Facebook has agreed to pay $5 billion and implement new practices to settle Federal Trade Commission allegations it violated a 2012 settlement on user privacy.
But some privacy experts, including the FTC’s two Democratic commissioners and former FTC chief technologist Ashkan Soltani, suggest the settlement goes too far by effectively exonerating Facebook and its executives for any other prior violation of the order.
6) *HOLY CRAP*: the FTC settlement indemnifies @Facebook for “any and all claims prior to June 12, 2019”
No wonder FB is willing to pay $5B
(Also not a surprise that it was a 3-2 vote)
Only a subset of the potential FTC violations reported since 2018 are covered (see the list) pic.twitter.com/zfvlq77Oav
— ashkan soltani (@ashk4n) July 24, 2019
The language of the agreement, as Soltani pointed out on Twitter, resolves “any and all claims that [Facebook], its officers, and directors, prior to June 12, 2019” violated the 2012 settlement. That’s unusual for such an agreement, writes FCC Commissioner Rohit Chopra in a dissenting opinion.
“In agreeing to this proposed settlement, the majority has opted to give Facebook a legal shield of unusual, if not unprecedented, breadth, covering a wide range of conduct not addressed in the proposed complaint or settlement,” he wrote. “This shield represents a major win for Facebook, but leaves the public in the dark as to how the company violated the law, and what violations if any are going unaddressed.”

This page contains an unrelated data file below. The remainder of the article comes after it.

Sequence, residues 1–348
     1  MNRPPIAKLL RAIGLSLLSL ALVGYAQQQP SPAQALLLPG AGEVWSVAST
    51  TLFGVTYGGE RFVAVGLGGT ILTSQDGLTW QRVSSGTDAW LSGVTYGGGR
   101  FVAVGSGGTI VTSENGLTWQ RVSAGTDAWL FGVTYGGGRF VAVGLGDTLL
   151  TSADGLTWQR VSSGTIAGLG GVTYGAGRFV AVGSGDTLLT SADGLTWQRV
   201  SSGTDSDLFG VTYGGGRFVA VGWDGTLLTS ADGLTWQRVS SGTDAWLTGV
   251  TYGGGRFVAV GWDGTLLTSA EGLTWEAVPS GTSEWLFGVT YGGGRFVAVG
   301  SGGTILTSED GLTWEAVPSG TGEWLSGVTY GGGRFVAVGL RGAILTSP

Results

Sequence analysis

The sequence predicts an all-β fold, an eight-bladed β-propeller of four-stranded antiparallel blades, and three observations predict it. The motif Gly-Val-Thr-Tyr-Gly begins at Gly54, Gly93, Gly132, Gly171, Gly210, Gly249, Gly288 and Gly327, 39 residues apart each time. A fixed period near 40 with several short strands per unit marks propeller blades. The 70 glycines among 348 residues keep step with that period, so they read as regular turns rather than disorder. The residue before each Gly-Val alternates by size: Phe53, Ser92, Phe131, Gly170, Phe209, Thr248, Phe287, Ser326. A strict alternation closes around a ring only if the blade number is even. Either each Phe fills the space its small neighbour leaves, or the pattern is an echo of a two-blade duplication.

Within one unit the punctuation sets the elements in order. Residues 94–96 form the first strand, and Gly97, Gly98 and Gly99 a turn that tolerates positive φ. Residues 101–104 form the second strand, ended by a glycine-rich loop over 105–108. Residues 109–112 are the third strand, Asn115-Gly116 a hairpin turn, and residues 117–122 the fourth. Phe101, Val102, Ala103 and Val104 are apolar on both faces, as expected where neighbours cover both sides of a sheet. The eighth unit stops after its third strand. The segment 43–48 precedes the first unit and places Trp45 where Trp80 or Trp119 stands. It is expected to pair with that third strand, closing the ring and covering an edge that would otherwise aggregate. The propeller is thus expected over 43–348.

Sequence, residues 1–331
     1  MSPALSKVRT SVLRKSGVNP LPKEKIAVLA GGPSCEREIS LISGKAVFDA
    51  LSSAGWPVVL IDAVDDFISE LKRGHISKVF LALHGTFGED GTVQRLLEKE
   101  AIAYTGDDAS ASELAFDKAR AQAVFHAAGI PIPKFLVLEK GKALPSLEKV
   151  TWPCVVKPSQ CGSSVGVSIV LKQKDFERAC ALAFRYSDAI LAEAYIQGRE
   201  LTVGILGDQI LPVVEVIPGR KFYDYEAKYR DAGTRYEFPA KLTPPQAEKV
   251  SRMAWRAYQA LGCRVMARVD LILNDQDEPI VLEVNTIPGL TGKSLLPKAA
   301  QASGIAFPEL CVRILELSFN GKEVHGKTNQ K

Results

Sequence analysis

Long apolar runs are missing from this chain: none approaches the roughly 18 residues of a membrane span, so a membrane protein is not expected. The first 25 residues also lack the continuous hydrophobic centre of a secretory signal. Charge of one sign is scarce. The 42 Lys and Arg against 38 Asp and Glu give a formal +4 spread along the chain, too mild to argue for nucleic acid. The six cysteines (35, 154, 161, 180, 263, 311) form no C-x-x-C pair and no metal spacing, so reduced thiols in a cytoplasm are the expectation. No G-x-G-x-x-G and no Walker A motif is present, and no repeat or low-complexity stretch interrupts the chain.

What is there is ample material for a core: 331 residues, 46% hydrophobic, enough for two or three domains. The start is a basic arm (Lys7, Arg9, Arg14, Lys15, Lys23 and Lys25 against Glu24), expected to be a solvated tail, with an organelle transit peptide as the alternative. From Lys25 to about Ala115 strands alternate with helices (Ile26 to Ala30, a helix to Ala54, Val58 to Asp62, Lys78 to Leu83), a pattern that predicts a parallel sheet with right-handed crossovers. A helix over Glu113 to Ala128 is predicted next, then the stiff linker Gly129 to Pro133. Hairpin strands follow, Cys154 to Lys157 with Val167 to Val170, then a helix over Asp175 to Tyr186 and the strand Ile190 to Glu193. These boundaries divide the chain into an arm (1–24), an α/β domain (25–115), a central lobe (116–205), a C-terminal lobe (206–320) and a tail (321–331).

Facebook didn’t immediately respond to an inquiry from Fast Company. In a statement, the company suggested the agreement—which will require ongoing privacy assessments, including through certifications signed by CEO Mark Zuckerberg and oversight by a board committee—will make its approach to privacy more rigorous.
“The agreement will require a fundamental shift in the way we approach our work and it will place additional responsibility on people building our products at every level of the company,” wrote Facebook general counsel Colin Stretch. “It will mark a sharper turn toward privacy, on a different scale than anything we’ve done in the past.”
It’s far from impossible that other prior violations of the earlier settlement could be uncovered, wrote Commissioner Rebecca Kelly Slaughter in her own dissent.
“Facebook’s course of conduct also strongly counsels against this expansive release,” she wrote. “Hardly a week passes without a news story revealing some potentially illegal conduct by Facebook. To wait to resolve this case until we were aware of the entire universe of potential violations would be to wait forever. To be sure, not all news stories bear out violations upon further investigation. But I do not believe it is appropriate for the Commission to foreclose the possibility of that investigation.”